The new grass-roots effort to put a transportation package before Hillsborough County voters in November faces a tough slog. Voters rejected a similar effort in 2010, and another in 2016 by elected officials never made it from the gate. But the lates...
Published: 06/15/18
Editorial: 40 years later, honoring remarkable legacy of Nelson Poynter

Editorial: 40 years later, honoring remarkable legacy of Nelson Poynter

Forty years ago today, Nelson Poynter died. He was the last individual to own this newspaper, and to keep the Times connected to this community, he did something remarkable. He gave it away.In his last years, Mr. Poynter recognized that sooner or lat...
Published: 06/15/18

There was no FBI anti-Trump conspiracy

The Justice Department released Thursday the highly anticipated report on the FBI’s handling of the Hillary Clinton email probe and other sensitive issues in the 2016 election. It is not the report President Donald Trump wanted. But there is enough i...
Published: 06/14/18
Updated: 06/15/18

Voter purge may be legal, but it’s also suppression

The Supreme Court’s ruling last Monday to allow Ohio’s purging of its voter rolls is difficult to dispute legally. While federal law prohibits removing citizens from voter rolls simply because they haven’t voted, Ohio’s purge is slightly different. T...
Published: 06/14/18
Updated: 06/15/18

Editorial: Free rides will serve as a test of whether the streetcar is serious transportation

Who wouldn’t jump at the chance to ride for free?This fall, the TECO Streetcar Line eliminates its $2.50-a-ride-fare, providing the best opportunity yet to see whether the system’s vintage streetcar replicas can serve as a legitimate transportation a...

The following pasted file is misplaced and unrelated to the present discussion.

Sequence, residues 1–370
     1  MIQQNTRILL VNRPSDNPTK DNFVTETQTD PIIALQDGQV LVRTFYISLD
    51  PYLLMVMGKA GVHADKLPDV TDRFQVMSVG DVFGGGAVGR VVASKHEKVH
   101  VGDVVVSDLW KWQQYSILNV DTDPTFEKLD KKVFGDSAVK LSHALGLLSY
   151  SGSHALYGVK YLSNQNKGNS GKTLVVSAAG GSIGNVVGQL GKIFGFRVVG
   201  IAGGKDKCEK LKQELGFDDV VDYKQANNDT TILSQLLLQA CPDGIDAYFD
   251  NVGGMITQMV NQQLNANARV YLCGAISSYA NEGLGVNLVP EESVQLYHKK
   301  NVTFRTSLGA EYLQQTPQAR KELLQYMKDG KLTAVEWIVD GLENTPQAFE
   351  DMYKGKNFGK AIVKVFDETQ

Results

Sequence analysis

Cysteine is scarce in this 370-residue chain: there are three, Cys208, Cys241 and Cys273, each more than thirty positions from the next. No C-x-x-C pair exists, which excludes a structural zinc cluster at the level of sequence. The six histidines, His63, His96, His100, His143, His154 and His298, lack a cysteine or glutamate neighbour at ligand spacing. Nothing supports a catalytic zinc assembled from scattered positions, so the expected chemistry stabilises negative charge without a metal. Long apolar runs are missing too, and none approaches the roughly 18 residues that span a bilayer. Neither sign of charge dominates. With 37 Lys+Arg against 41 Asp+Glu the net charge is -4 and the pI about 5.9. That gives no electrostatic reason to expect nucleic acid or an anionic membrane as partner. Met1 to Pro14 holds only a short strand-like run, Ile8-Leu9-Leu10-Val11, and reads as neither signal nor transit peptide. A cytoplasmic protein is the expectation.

Published: 06/14/18
Updated: 06/15/18

AT&T and the case for digital innovation

A good way to guarantee you’ll be wrong about something is to predict the future of technology. As in, "One day, we’ll all …" Experts can hazard guesses about artificial intelligence, driverless cars or the death of cable television, but technologica...
Published: 06/14/18
Editorial: State, nonprofits share obligation to help Hillsborough’s foster kids

Editorial: State, nonprofits share obligation to help Hillsborough’s foster kids

The Florida Department of Children and Families has correctly set a quick deadline for Hillsborough County’s main child welfare provider to correct its foster care program. For too long the same story has played out, where troubled teens who need fos...
Published: 06/14/18
Editorial: Educate voters on Amendment 4 and restoring felons’ rights

Editorial: Educate voters on Amendment 4 and restoring felons’ rights

This fall voters will have 13 constitutional amendments to wade through on the ballot, but Amendment 4 should get special focus. It represents a rare opportunity to rectify a grievous provision in the Florida Constitution, which permanently revokes t...
Published: 06/13/18
Updated: 06/14/18
Editorial: How Florida and the Trump administration are tampering with your health care

Editorial: How Florida and the Trump administration are tampering with your health care

The Trump administration just can’t stop sabotaging Americans’ access to health care. Instead of giving up after it failed to persuade Congress to repeal the Affordable Care Act, it continues to quietly undermine the law in ways that would reduce acc...
Published: 06/12/18
Updated: 06/15/18